Part 1: What Dog Breed are you?
with Ruby Leslie of WelfareForAnimals, Training Advocate

If you google what dog breed you are, there are an endless array of quizzes, articles and matching your birth month to dogs, to find out which dog group you fit into.

Herding dogs like border collies have endless energy, terriers love to dig and are feisty (they were after all ratters), hound dogs like greyhounds can have a huge burst of speed but mostly like to laze about on a couch, working dogs like Belgian Malinois are incredibly intelligent, physical and need a lot of stimulation, mutts are a mix of Heinz 57 and toy dogs are often small dogs with big personalities.

The above list are very common breed group labels and stereotypes which are very easy to fit into - I fit into 90% of them!

Everyone has their own individual characteristics:

  • Curious
  • Intelligent
  • Kind
  • Adventurous
  • Hard-working
  • Easily stressed
  • Anxious
  • Dopey
  • Stubborn
  • Tolerant
  • Introverted
  • Extroverted
  • Sassy

The different sports and hobbies you enjoy doing, your motivations, your friend circle, the things you like to eat and drink- these are all dependent on you- an individual.

Your individual personality and characteristics are shaped by the environment you grew up in and around, your race, gender, friend circle, what your grandparents and parents went through, their and your income, education, experiences, learned experiences and even what your mother experienced and ate and drank while you were in her womb.

Your dog is an individual too. Their breed characteristics, maternal influences, what they were exposed to during the socialization phase, genetics, their experiences, learned experiences, health (how much stress and pain are they in) and environment they are raised are all factors that shape their personality.

Was your dog raised in a shelter, the streets, a puppy mill or a good home? How was your dog previously trained? Did they learn through punishment or positive reinforcement? Have they been positively exposed to new objects and walking equipment? Do they have the ability to express natural behaviours?

Even though our dog is a certain breed, their environment is the primary influence on their behaviour. For example a study in the journal of veterinary behavior discusses how puppies being raised in a puppy mill and take away from their mother too early leads to increased fearfulness and reactivity.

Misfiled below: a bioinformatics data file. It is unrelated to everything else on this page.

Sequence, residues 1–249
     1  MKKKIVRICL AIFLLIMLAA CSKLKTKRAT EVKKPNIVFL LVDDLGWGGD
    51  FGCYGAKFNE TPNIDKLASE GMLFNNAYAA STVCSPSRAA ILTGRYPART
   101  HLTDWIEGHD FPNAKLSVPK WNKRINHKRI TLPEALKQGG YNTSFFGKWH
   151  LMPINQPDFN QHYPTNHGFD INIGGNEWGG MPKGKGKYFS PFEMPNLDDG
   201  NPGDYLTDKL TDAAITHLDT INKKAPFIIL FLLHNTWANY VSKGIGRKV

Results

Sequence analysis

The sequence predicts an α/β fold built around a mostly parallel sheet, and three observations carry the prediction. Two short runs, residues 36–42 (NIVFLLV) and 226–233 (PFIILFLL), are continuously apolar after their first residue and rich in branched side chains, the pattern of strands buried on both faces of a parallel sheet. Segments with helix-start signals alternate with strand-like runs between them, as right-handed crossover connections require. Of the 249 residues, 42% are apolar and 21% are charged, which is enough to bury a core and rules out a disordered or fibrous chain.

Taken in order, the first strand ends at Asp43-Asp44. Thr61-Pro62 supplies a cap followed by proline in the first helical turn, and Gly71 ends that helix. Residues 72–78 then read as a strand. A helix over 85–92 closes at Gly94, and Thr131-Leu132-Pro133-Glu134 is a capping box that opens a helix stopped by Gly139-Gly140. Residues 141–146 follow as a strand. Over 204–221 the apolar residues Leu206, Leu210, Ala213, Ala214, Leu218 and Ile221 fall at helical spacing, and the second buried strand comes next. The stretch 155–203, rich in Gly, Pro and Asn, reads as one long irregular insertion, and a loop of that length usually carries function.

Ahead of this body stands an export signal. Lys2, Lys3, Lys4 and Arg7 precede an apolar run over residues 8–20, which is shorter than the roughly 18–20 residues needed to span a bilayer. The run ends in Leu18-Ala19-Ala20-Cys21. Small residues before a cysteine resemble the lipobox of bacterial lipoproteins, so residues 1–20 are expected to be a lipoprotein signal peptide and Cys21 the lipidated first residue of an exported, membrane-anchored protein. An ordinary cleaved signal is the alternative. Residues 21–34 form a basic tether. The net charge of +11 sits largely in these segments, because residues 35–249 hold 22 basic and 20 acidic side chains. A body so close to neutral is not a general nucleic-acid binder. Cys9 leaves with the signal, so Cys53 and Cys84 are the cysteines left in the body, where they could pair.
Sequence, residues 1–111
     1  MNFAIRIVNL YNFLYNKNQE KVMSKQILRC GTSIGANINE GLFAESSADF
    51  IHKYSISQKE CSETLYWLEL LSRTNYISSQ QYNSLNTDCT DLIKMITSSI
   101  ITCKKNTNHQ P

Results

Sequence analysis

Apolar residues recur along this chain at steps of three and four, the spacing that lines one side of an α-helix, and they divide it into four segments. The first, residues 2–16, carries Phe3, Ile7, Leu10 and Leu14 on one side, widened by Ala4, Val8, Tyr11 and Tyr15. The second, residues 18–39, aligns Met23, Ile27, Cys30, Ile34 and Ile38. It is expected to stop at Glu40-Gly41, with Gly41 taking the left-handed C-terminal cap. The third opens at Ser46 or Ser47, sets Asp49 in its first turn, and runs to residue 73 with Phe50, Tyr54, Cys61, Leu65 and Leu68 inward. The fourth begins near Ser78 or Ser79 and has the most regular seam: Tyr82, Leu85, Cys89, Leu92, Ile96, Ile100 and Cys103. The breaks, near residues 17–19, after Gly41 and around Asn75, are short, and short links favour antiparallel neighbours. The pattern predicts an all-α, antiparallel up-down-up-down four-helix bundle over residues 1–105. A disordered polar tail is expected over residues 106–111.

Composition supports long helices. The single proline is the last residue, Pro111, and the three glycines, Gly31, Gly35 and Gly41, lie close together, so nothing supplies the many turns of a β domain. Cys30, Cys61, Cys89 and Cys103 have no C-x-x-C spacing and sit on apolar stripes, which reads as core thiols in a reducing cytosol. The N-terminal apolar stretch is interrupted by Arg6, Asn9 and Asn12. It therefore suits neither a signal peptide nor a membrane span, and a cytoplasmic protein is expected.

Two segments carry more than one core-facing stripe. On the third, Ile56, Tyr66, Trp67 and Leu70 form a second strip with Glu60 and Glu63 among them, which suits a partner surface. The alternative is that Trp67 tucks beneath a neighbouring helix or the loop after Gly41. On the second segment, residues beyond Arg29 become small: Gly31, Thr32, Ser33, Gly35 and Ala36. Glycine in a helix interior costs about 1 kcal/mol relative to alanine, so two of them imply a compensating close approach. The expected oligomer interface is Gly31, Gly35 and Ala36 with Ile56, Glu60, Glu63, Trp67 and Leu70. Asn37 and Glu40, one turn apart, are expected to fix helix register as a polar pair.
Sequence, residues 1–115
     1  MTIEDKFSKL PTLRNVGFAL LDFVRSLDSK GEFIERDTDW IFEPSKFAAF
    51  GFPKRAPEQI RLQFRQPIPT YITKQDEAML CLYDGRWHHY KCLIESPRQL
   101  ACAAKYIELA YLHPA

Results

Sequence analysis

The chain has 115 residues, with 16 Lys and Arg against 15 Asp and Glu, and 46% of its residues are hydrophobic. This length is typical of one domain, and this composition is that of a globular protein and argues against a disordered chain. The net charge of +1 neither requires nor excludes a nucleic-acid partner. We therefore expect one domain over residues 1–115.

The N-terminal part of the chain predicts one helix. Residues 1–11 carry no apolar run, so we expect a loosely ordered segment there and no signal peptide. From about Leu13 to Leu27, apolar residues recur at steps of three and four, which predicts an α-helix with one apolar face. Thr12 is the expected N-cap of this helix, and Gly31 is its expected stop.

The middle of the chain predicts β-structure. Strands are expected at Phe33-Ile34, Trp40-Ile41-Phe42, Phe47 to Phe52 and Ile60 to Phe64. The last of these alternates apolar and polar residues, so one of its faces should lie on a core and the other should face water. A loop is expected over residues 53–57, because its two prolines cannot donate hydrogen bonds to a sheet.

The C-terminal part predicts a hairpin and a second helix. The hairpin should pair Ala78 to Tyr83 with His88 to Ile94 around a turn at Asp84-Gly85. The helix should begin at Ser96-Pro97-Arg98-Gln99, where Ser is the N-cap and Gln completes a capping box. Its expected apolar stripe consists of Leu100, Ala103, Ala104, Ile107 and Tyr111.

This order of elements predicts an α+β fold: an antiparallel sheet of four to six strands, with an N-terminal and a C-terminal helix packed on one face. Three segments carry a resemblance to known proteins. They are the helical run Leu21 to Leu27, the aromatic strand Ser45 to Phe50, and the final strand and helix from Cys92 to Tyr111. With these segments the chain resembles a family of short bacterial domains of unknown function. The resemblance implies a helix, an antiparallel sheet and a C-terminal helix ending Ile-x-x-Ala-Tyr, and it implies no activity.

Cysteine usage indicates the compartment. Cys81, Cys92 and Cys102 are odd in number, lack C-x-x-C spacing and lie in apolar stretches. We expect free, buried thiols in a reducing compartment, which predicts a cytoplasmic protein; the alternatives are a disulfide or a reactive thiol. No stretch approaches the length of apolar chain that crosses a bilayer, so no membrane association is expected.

When our dogs act out, we label them.

Many people message me complaining that their dog is "crazy", "stubborn" and "unwilling to listen", "guilty", "naughty" and the list of labels goes on. Dogs are expected to highly tolerant to living in our homes or apartments, being interacted with by kids, us and other dogs, handle all of the daily experiences without a fuss, and then cuddle with us on the couch. Our expectation is that our dogs should be able to instantly adapt to living our lifestyle.

That's a lot to ask for!

Especially for dogs who have certain breed characteristics and natural behaviours that need to be fulfilled like a herding or working dog or experiences that make them highly fearful.

The behaviours often seen as inappropriate in our human-entered world such as barking, chewing and digging are natural dog behaviours. They are behaviours that your dog is using to communicate something to you such as stress, anxiety or teething when chewing or fear when barking.

Instead of thinking that your dog is giving you a hard time, think about your dog as having a hard time!

Find solutions to help them express their natural behaviours, which will provide them with appropriate outlets in our human created environments.

Let's go through a few solutions!

  • Digging- make your dog a digging pit
  • Chewing the tables- provide enrichment. make sure your dog is able to cope when you leave, and/or has rubber chew toys for teething
  • Bark at people walking past- work on recall, positive interrupters or barrier frustration (send me a message)
  • Don't like all dogs- well that's fair we don't like all people, so maybe a dog park isn't for them, perhaps a long hike is instead
  • Bites at clothes- puppy nipping is a normal part of puppy development, especially when going through teething (if you want help with this send me a message)
  • Eats garbage on walks- your dog is foraging and scavenging as they would normally. A leave it on walks is highly useful to learn!
  • Can't calm down- high-energy dogs often need a lot of mental and physical stimulation, but don't do high adrenaline sports with them until they're over 18 months due to developing growth plates! Provide them with calming activities such as a sniffari, scent work, and puzzle games
  • Highly fearful- work with me on a desensitization and counter-conditioning programme

Next time your dog shows such behaviours understand that it might be their breed characteristics, an expression of natural behaviours or due to their experiences and the the environment.

Let’s toss away all the labels and expectations of what defines a “good dog” and think about each dog as an individual, not a stereotype.

Oh and in case you were wondering, according to an online quiz, I am a Terrier- stubborn, bored easily, feisty but intelligent.

Ruby Leslie of WelfareForAnimals

Training Advocate
Dogly loves Ruby because she brings her rescue experiences to our dogs - to increase our bond, decrease behavior issues.

Ruby guides you

New Dogs - Manners - Enrichment - Reactivity - Barking - Walking

Ruby is certified

Low Stress Handling - Fear Free Veterinary Professional - Fear Free Shelters - Shelter Welfare - Enrichment - & Canine Behaviour